Virdhawal Khade, who won a historic bronze in the 2010 Asian Games, is struggling to make time to practise for the World Championships in Russia next month while working full-time as a tehsildar; he also rues having to pay for the event from his own pocket, with no financial help from the government or private firms
He was barely 17 when he became the youngest swimmer to represent India in an Olympics event at the 2008 Beijing Olympics and 19 when he ended a 24-year dry spell for the country by picking up a bronze medal in the 50-metre Butterfly category at the Asian Games.
Now 24 years old himself, he is India’s fastest man in water, holding national records in several categories. A resume like that leaves no room for doubt that Virdhawal Khade is not someone who lets obstacles stand in his way, but overcomes them with sheer hard work and willpower.
Khade is working for the state revenue department as a tehsildar at Dahisar with an additional charge of the Khar office, which leaves him with little time to practise. Pics/Sayyed Sameer Abedi
And yet, with less than a month to go for the prestigious World Championships in Russia a qualifying event for the Olympics next year, which the swimmer has his eyes on Khade is facing his toughest battle to date.
Keep the medals coming: Khade at his office in Khar and (right) after winning the bronze medal at the 2010 Asian Games in China
While other top Indian swimmers like Sandeep Sejwal and Aaron D’Souza are preparing for the Championships under the guidance of national-level coach Nihar Ameen in Bangalore, Khade is in Mumbai, juggling between handling a full-time job with the Maharashtra government and struggling to find time to practise so that he can make the state and the country proud.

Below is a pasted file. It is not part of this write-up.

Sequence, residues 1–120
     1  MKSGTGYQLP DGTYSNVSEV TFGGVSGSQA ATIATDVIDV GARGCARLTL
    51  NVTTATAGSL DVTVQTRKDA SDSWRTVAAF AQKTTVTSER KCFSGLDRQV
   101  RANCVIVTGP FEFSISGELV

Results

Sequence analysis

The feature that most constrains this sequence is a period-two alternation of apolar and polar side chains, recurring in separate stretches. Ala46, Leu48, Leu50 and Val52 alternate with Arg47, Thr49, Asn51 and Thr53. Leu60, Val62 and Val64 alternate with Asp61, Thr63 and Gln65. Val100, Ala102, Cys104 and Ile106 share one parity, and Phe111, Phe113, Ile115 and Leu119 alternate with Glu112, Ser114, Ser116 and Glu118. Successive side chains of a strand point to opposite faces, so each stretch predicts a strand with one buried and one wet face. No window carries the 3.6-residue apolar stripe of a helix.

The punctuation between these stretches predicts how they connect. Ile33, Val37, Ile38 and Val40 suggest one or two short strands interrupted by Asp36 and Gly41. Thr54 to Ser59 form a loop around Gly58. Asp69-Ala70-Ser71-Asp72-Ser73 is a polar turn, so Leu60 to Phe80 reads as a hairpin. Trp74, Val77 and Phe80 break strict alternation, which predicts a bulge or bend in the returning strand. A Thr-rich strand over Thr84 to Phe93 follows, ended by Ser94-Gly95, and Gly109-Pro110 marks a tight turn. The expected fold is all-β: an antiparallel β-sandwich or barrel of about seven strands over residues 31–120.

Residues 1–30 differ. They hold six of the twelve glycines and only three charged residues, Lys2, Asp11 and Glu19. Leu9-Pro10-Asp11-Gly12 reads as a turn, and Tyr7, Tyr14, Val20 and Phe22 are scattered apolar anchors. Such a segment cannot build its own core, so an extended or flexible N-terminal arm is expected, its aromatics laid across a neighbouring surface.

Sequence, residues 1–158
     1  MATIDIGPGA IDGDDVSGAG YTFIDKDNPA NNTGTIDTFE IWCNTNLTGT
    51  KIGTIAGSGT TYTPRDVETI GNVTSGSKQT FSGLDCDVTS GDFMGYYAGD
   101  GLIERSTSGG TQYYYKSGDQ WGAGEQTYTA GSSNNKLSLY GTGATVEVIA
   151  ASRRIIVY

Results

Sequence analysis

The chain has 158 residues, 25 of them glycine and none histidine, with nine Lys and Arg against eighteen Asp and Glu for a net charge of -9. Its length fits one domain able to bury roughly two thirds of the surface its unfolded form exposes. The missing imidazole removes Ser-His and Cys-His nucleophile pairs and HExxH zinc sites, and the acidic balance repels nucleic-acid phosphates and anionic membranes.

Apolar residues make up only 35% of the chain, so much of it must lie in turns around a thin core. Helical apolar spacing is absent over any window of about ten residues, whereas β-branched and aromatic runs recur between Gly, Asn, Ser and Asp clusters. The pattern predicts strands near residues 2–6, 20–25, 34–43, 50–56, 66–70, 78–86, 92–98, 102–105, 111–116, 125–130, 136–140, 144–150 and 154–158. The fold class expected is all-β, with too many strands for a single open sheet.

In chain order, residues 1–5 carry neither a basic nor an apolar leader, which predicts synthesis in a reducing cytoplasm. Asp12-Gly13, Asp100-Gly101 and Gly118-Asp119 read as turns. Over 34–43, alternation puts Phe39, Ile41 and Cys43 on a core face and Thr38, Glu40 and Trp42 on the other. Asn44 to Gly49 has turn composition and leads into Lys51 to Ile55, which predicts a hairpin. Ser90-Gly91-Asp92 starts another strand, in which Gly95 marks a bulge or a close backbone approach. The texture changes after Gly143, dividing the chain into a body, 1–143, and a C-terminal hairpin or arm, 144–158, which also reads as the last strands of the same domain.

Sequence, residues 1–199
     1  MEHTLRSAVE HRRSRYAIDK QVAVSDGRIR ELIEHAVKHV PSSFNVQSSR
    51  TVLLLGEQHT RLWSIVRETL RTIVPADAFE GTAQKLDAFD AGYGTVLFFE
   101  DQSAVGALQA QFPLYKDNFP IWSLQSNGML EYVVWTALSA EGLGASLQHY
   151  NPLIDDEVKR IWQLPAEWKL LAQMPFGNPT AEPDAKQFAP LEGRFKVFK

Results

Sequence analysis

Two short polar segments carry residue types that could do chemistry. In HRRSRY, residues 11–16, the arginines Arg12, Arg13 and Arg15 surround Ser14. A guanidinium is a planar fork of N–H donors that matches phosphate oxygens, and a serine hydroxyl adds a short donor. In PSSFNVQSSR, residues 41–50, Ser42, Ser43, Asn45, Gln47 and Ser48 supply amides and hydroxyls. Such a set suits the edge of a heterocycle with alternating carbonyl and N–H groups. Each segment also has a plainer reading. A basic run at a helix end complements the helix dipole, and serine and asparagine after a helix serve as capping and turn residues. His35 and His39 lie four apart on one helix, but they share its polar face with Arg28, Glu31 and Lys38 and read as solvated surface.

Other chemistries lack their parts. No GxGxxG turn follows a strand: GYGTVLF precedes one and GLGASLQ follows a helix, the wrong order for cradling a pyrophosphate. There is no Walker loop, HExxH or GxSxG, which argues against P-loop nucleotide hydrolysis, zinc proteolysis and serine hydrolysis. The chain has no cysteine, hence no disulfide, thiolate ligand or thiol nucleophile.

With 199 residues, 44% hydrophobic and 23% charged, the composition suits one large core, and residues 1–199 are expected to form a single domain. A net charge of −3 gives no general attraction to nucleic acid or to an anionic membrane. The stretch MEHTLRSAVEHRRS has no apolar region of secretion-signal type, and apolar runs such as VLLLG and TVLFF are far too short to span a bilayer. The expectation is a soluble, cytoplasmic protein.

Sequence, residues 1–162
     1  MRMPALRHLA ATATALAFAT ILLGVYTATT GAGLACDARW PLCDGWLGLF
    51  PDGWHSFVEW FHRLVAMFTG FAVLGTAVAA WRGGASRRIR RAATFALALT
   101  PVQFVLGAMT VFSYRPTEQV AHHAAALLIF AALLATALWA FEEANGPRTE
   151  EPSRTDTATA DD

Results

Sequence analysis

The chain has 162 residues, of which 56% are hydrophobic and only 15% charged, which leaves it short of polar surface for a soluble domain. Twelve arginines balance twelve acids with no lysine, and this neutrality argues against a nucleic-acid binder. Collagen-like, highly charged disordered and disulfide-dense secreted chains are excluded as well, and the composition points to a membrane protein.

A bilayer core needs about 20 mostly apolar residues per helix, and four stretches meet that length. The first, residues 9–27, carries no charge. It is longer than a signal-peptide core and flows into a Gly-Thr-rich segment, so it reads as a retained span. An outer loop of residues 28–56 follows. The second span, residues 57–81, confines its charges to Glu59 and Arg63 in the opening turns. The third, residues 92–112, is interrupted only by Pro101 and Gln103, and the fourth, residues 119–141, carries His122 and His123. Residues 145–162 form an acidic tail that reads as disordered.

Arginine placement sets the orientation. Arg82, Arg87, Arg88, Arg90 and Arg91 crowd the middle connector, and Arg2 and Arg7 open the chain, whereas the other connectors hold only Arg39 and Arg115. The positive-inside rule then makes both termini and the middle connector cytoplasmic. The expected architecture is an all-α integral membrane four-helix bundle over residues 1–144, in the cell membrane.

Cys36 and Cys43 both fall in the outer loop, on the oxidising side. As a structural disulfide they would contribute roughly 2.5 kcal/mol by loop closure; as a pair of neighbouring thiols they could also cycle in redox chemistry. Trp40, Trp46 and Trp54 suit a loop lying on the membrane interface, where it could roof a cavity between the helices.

“I can’t swim full time anymore. It’s difficult to do my job and swim as well. The most difficult thing is to keep yourself motivated to work hard on both fronts,” Virdhawal told mid-day. What’s adding to the star swimmer’s woes is the fact that neither the government nor private companies have come forward to help him with the costs involved in attending the championships in Russia, which begins on August 1.
Khade, who used to focus only on his swimming until 2013, joined the revenue department of the Government of Maharashtra that year. Currently working as a Tehsildar at Dahisar with an additional charge of the Khar office he has double duties as a class I officer Khade says he misses out on practice on many days. “Being a tehsildar is different and it is a really big responsibility. You have to deal with a lot of people. Managing all these things is a big challenge,” said the 24-year old swimmer.
To balance both his work and passion and ensure he doesn’t let his countrymen down, Khade is sticking to a gruelling schedule. “I wake up at 4.30 am and practise from 5.30 to 8.30 am at Khar Gymkhana.
I’m in office at 10 am and finish work at 5 pm. From the Dahisar or Khar office, I head to the gymkhana again and practise from 6 pm to 8.30 pm,” said Khade, who is participating in the 50-m and 100-m Freestyle events at the World Championships. Khade’s best time right now in the 50-m freestyle is 22.55 seconds.
He aims to clock 22.02 seconds for a berth in the Rio Olympics next year and Khar Gymkhana’s veteran coach Subodh Dankhe, who is also the General Secretary of the Greater Mumbai Amateur Aquatic Association (GMAAA), has no doubt that he will achieve it.
“Virdhawal is more focused now and I am confident he will clock his best time in the 50-m freestyle event in Russia,” the Shiv Chhatrapati Awardee said.
No monetary help
Getting help has been very difficult for Khade, despite being one of the country’s top swimmers. “It’s really difficult to get sponsorship so I am paying around Rs 2 lakh from my own pocket so that I can attend the World Championships and my father is also helping me out.”
This, despite the government supporting him financially for five previous World Championships that he has been a part of. The 24-year-old is taking leave from July 13 to August 7 to represent India at the championship, which begins on August 1 and ends on August 7.
“I like winning medals for Maharashtra and for India and that is something I would like to be able to do for the next two-three years at least,” said the youngster.
The other side
“The government pays for swimmers who have qualified for the World Championship and Virdhawal has qualified through the national championships held in Kolkata last year. The Swimming Federation of India will be speaking to the sports ministry in this regard on July 8,” Kamlesh Nanavati, General Secretary of Swimming Federation of India told mid-day.